Scaffolds are frameworks that allow stem cells to differentiate into functional cells in order to generate new, healthy tissue to treat ligament and tendon injuries. We simulated stem cells migrating and differentiating throughout scaffolds to help us understand better design parameters of scaffold efficacy. Cells can create and place fibers as they proceed within the scaffold environment, so we hypothesize that cell diffusion will be confined when in a high local fiber fraction. We defined local fiber fraction as the percentage of fiber volume in a set field centered around the cell. We used MATLAB to simulate a 3D matrix environment in order to determine the mean square displacement (MSD) of each cell. At the end of the simulation process, we compared MSD and fiber fraction over time. MSD plots indicate whether the cell experienced any displacement, underwent confinement, pure diffusion, or drift. Local fiber fraction plots display the density of fibers surrounding the cell with respect to time. The results of the simulation did not show a correlation between confinement and high fiber fraction. In the future, we will consider if the angle of the fibers affects the movement, or if a cell is constricted by the presence of another cell in future simulations.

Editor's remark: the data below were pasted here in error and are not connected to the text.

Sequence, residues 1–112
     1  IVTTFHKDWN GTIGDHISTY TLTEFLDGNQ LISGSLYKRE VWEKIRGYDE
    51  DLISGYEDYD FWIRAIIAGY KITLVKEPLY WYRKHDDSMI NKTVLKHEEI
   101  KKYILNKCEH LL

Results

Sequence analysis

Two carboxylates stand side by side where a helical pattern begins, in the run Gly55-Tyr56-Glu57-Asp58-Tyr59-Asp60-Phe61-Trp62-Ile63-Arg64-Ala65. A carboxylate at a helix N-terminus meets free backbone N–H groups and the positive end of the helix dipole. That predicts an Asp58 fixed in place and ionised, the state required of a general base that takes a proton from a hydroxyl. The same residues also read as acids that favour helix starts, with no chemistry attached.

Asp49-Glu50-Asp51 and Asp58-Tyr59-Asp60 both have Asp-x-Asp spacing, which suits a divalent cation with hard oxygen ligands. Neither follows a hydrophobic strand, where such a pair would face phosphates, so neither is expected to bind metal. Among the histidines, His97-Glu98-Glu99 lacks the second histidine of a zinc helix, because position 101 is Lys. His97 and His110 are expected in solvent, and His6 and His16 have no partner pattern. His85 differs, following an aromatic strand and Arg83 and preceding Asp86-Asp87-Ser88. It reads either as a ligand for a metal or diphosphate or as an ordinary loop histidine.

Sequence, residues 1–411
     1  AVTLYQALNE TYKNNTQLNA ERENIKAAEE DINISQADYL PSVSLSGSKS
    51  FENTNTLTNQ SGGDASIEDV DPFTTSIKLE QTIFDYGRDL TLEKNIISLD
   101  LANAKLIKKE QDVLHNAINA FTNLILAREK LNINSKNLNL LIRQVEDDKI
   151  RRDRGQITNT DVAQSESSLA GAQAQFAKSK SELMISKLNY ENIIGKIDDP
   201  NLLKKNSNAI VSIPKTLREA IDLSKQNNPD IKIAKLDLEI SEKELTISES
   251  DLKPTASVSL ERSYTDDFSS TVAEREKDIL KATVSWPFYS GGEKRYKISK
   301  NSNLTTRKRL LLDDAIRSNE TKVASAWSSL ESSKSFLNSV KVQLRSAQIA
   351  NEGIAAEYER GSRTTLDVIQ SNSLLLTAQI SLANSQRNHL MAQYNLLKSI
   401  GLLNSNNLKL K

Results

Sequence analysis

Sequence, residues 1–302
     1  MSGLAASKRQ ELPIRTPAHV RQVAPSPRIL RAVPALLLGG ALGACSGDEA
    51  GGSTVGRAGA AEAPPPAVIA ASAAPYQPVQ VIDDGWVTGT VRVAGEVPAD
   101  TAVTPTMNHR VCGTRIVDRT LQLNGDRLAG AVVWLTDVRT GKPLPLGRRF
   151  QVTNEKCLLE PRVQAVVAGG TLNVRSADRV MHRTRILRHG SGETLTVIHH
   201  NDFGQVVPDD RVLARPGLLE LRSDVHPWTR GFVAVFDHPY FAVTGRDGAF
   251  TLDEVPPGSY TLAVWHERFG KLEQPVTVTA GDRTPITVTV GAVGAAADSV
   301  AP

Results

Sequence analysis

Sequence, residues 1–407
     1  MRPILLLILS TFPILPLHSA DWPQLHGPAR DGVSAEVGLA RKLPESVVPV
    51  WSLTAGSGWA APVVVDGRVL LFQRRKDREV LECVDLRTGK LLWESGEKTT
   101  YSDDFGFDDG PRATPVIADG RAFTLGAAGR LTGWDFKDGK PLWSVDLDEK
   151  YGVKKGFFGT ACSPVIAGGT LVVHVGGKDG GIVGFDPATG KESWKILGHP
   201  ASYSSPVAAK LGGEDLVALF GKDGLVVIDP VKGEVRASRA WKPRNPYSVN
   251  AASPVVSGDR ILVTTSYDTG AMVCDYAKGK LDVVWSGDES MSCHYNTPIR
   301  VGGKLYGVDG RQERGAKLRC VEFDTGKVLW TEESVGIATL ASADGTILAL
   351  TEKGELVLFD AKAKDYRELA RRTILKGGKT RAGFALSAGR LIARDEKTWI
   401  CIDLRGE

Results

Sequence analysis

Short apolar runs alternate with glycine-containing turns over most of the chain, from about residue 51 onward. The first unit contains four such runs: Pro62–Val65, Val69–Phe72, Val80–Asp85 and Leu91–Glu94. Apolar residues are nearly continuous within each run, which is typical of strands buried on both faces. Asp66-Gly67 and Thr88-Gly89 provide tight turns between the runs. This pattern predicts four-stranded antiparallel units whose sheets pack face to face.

Evans, Nick and Luke, Bethany, "Computational Simulations of Cell Diffusion in Matrix Environments" (2020). Symposium on Undergraduate Research and Creative Expression (SOURCE). 890.